Harrisburg, PA (WJET/WFXP/YourErie.com) – Pennsylvania Insurance Commissioner Michael Humphreys, Department of Health Acting Secretary Dr. Debra L. Bogen, and State Fire Commissioner Thomas Cook urged Pennsylvanians to heed safety advice for the upcoming Thanksgiving holiday.
According to the U.S. Fire Administration, the average number of reported residential building fires on Thanksgiving Day is more than double the average number reported on any other day.
An average of 2,300 house fires occur nationwide on Thanksgiving, causing fatalities, injuries, and $26 million in property loss.
Many Thanksgiving home fires are due to deep-frying accidents. Fryers pose significant risks to personal safety and property when used without taking proper safety measures.
“Every year, cooking fires remain a persistent cause of home fires, peaking in their effect around the Thanksgiving holiday,” said Commissioner Cook. “Turkey fryers and inattentive cooking are consistently listed as the leading causes of these fires, and the life changing result of a home fire is all the more tragic knowing that they are entirely avoidable.”
To avoid a Thanksgiving cooking catastrophe, follow these safety tips:
- Have an all-purpose fire extinguisher nearby; never use water to extinguish an oil fire
- Keep children and pets away from all cooking surfaces
- Use proper hand protection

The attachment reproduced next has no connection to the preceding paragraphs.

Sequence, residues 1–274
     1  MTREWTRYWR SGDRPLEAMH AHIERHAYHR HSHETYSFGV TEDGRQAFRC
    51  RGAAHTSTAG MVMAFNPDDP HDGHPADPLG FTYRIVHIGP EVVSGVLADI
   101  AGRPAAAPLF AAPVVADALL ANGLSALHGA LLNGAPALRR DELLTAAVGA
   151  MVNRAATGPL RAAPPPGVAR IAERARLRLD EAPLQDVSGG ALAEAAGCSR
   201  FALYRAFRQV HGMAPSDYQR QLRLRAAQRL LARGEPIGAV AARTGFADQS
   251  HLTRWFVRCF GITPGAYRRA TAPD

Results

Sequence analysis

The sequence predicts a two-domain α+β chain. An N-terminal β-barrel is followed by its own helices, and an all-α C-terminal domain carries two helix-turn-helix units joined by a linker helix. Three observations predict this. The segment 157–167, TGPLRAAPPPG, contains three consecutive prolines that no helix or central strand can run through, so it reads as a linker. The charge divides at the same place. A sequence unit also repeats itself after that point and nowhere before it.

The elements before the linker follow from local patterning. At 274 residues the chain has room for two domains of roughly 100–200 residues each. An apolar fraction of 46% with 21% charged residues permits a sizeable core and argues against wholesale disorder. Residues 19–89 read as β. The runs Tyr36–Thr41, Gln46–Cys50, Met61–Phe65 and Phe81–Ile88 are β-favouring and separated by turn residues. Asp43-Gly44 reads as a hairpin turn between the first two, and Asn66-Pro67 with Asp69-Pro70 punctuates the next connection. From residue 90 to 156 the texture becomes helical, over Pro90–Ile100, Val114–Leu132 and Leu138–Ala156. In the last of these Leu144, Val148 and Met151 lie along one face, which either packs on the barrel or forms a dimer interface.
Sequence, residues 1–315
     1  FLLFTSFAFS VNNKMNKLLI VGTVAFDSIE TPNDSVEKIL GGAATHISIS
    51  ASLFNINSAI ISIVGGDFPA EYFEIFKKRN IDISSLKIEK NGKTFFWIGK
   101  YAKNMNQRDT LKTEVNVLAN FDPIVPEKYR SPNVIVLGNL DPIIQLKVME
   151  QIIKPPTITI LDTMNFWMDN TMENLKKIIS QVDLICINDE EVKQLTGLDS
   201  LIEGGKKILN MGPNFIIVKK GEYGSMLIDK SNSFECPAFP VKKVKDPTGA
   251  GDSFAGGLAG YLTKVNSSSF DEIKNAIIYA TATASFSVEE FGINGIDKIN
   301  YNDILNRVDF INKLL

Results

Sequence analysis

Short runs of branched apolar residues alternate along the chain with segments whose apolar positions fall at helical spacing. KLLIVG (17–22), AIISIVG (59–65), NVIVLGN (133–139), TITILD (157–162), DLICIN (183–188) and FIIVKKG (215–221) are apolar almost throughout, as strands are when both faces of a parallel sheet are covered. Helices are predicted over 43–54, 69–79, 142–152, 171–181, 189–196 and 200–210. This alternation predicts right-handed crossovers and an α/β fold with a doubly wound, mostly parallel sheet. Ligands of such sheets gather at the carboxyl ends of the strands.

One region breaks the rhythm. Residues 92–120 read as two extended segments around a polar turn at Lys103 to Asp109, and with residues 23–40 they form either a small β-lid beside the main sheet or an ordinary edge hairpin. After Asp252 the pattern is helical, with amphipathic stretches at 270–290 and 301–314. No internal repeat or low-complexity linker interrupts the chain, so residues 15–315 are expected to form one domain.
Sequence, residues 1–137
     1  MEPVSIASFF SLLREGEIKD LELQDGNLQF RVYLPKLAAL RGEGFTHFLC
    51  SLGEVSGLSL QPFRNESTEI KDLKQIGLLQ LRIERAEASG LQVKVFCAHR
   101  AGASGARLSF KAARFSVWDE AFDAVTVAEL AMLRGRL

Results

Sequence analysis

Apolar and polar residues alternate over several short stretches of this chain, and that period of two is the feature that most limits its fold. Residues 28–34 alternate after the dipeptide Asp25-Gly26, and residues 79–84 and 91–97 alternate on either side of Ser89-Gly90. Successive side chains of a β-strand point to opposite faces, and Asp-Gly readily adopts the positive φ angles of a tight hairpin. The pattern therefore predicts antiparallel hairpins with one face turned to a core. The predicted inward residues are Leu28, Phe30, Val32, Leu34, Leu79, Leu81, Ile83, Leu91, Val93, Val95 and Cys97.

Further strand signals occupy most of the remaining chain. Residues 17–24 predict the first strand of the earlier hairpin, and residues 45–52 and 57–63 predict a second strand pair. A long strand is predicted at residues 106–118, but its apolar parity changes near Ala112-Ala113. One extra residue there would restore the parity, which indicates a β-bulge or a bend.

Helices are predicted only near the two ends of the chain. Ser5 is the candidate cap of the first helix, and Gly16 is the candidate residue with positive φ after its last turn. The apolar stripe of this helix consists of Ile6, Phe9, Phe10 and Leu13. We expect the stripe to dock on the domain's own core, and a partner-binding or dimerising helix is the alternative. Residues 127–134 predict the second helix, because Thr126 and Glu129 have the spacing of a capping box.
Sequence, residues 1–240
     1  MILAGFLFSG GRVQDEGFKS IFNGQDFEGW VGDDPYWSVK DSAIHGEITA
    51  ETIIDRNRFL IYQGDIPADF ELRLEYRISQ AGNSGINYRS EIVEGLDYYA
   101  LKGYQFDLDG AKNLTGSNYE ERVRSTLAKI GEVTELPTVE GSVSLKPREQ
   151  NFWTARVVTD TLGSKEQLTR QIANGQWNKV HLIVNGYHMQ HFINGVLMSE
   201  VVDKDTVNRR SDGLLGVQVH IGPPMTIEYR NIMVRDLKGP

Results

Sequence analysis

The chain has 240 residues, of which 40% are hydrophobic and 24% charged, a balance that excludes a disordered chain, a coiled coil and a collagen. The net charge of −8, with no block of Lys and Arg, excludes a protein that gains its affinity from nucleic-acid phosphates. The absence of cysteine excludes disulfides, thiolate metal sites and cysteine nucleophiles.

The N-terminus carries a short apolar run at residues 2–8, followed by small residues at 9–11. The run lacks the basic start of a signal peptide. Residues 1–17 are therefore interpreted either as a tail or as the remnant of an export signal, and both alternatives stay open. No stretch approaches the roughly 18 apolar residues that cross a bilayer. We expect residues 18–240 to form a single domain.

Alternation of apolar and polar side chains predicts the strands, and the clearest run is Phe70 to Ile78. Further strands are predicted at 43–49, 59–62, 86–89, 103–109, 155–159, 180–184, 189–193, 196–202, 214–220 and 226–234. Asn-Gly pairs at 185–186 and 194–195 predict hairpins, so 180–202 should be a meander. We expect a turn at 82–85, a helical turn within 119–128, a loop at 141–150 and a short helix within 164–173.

- Ensure full attention is dedicated to cooking
Fires are, unfortunately, not the only thing you need to worry about when preparing your Thanksgiving feast. Foodborne illnesses are also prominent during the holiday season.
The Centers for Disease Control and Prevention (CDC) recommend the following tips to help prevent food poisoning or foodborne illness during the holidays:
- Prevent juices from meat, chicken, turkey, and seafood from dripping or leaking onto other foods
- Cook foods thoroughly and use a food thermometer to ensure foods have been cooked to a safe internal temperature to kill germs
- Do not eat raw dough or batter
- Consistently wash your hands
For additional information on fire safety, including seasonal fire safety tips, you can visit the Office of the State Fire Commissioner’s website. For more information on foodborne diseases, visit the Department of Health’s website.